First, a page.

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5 most popular innovation stories in Houston this week

Here's what innovation news was trending in Houston this week. Getty Images

Editor's note: The first trending news story for Q2 of 2019 has some exciting news from us, powerful quotes from innovators, events to know about and more.

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Overheard: 5 powerful quotes from Houstonians speaking at the Houston Open Innovation Conference

Speakers at the third annual Houston Innovation Open Conference discussed policy, performance, and more. Photo by Zview/Getty Images

When it comes to Houston's innovation ecosystem, there's a lot to discuss. From accelerator programs to role of educational institutes, the third annual Houston Open Innovation Conference covered it all on Thursday, March 28.

I had the pleasure of attending the full-day conference, which was a meeting of the minds of Houston innovation. To catch you up and rid you of your fear of missing out, check out these five overheard quotes from the day. Read the full story here.

10+ can't-miss Houston business and innovation events for April

From enlightening talks to networking opportunities, here's where you need to be in April. Getty Images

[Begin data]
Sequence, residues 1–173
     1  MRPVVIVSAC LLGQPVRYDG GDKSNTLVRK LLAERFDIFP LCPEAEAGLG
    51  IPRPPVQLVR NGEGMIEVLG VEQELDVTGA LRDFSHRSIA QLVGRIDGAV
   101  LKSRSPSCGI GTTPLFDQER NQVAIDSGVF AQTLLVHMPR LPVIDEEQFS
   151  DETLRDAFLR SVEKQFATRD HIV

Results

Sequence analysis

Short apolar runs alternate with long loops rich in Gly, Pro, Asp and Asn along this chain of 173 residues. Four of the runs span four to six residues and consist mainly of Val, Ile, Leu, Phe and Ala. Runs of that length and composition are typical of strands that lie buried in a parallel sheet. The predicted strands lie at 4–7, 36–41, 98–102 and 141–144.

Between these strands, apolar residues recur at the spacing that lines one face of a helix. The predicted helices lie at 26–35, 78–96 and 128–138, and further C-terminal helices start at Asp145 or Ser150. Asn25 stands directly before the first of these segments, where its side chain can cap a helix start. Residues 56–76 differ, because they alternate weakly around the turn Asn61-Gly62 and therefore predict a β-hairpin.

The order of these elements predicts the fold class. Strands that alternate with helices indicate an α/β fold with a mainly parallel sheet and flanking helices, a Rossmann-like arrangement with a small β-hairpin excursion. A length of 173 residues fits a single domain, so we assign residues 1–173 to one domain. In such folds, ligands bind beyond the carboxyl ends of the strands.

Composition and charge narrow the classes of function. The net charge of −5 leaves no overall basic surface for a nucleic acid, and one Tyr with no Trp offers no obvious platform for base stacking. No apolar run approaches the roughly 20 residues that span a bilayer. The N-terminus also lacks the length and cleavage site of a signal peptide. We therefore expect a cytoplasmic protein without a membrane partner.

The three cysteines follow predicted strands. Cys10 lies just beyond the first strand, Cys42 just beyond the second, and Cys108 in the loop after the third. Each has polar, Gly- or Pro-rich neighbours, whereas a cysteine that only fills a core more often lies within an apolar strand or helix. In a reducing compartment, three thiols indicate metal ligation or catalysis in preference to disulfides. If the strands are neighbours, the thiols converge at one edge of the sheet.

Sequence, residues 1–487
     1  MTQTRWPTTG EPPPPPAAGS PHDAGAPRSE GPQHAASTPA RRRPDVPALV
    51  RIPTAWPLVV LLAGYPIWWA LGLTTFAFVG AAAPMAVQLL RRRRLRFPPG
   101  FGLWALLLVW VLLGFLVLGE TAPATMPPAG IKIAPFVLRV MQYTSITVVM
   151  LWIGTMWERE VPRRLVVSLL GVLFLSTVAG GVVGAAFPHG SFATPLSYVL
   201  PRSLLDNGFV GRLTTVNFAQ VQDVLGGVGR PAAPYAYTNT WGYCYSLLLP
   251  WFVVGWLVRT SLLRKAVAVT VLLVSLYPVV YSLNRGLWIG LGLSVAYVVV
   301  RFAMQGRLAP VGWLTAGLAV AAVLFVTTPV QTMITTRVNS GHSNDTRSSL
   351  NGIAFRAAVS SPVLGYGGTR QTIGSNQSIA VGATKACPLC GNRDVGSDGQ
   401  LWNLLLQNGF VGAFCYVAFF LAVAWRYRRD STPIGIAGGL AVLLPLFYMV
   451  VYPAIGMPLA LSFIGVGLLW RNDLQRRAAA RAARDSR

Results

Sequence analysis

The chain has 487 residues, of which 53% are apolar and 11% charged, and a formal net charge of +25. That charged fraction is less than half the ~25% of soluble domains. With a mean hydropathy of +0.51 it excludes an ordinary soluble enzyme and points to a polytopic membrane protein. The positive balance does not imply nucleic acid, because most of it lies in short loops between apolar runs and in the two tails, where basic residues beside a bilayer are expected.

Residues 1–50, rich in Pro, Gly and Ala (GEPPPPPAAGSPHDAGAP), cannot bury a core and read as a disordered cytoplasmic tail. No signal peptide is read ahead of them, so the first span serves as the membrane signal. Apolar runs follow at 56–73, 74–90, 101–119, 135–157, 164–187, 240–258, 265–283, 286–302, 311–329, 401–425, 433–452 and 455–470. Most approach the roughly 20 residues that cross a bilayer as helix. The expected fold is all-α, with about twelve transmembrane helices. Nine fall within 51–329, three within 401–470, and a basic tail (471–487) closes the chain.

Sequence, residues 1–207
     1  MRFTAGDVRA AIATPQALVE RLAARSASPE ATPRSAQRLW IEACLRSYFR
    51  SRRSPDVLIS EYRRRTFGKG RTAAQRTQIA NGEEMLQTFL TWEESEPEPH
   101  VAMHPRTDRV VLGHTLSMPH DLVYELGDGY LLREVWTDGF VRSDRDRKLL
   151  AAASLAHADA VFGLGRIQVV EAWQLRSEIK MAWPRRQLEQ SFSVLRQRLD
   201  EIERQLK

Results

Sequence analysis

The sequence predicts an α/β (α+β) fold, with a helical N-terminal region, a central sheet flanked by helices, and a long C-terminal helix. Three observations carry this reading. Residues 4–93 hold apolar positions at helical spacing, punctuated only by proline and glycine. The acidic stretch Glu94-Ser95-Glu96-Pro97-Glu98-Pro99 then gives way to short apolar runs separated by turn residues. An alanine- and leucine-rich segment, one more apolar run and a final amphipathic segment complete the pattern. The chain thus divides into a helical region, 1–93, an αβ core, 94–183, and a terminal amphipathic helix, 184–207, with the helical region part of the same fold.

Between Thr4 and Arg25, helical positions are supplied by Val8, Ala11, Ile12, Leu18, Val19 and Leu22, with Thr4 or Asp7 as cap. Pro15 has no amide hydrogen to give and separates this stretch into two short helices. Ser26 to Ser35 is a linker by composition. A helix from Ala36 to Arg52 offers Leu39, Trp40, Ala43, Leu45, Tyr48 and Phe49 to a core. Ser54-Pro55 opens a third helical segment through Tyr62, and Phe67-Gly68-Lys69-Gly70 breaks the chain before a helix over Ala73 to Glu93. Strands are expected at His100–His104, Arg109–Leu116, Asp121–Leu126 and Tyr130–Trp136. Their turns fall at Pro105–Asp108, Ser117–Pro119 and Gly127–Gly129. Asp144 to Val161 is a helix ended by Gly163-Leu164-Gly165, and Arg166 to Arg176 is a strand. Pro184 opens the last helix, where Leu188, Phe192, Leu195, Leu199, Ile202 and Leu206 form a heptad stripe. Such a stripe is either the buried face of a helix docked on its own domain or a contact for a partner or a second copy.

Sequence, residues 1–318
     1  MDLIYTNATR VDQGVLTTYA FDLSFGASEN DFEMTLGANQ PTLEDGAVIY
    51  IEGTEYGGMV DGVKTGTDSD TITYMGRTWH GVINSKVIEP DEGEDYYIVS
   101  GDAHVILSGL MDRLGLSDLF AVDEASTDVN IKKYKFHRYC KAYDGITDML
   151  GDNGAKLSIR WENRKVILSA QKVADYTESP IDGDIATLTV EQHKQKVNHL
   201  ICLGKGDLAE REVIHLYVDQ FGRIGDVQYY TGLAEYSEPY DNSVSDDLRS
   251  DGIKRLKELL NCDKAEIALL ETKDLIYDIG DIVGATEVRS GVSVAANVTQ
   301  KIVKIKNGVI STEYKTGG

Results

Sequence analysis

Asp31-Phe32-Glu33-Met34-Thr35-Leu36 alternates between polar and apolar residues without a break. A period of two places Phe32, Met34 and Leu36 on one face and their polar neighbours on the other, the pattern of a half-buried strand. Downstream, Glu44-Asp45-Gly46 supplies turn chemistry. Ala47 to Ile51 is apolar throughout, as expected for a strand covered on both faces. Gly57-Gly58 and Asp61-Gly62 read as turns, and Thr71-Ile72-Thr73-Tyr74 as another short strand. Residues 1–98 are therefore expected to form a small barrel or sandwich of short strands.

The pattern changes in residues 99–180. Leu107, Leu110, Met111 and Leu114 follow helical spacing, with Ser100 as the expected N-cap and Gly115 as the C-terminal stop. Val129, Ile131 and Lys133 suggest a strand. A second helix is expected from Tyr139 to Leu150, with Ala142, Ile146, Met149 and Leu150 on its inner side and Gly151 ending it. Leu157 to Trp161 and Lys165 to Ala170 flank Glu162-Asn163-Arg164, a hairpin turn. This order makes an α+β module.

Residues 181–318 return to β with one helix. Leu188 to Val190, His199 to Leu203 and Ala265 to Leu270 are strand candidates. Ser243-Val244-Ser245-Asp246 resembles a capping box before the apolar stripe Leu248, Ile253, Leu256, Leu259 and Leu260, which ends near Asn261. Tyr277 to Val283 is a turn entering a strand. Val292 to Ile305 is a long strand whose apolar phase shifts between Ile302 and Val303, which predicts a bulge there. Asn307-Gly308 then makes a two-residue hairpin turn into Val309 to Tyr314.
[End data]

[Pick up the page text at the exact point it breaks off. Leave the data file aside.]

Happy Q2, everyone. With 2019 already a quarter of the way through, it's a bit overwhelming to prioritize what networking and thought talks to attend. We've rounded up a list of over 10 (and growing) events for you to consider adding to your calendar. Read the full story here.

3 Houston innovators to know with exciting new announcements

New funds, new classes, and new opportunities for mentorship — these are this week's Houston innovators to know. Courtesy photos

While last week's innovators to know were all starting new jobs, these three for this week are starting new endeavors — from multi-million-dollar funds to education programs. Here are this week's three innovators to know. Read the full story here.

A CEO's message: From humble beginnings, our company has grown up

David Gow, right, with Houston Astros president Reid Ryan. Photo by Michele Lee Sparks/Archer Sparks

Last week, the son of a good friend came up to our office. It had been a couple of years since I had seen him, so I still envisioned that he would be an 18-year-old high-school kid. But, when he walked in the room, I did a double-take, as he was now a mature young man. The kid had grown up, and he was standing before me ready to talk business.

In some ways, the story illustrates Gow Media. Sometimes I come across people who will ask me: "How is 1560-The-Game doing?"

We are not that young kid anymore. We have matured from a sports radio venture to a multi-platform media company. And we, too, stand before you ready to talk business. Read the full story here.

Overheard: Experts give advice for Houston startups looking for corporate partnerships

Good things don't just come to those who wait. If you're wanting to get your startup in front of major corporations, you need to take matters into your own hands. Pexels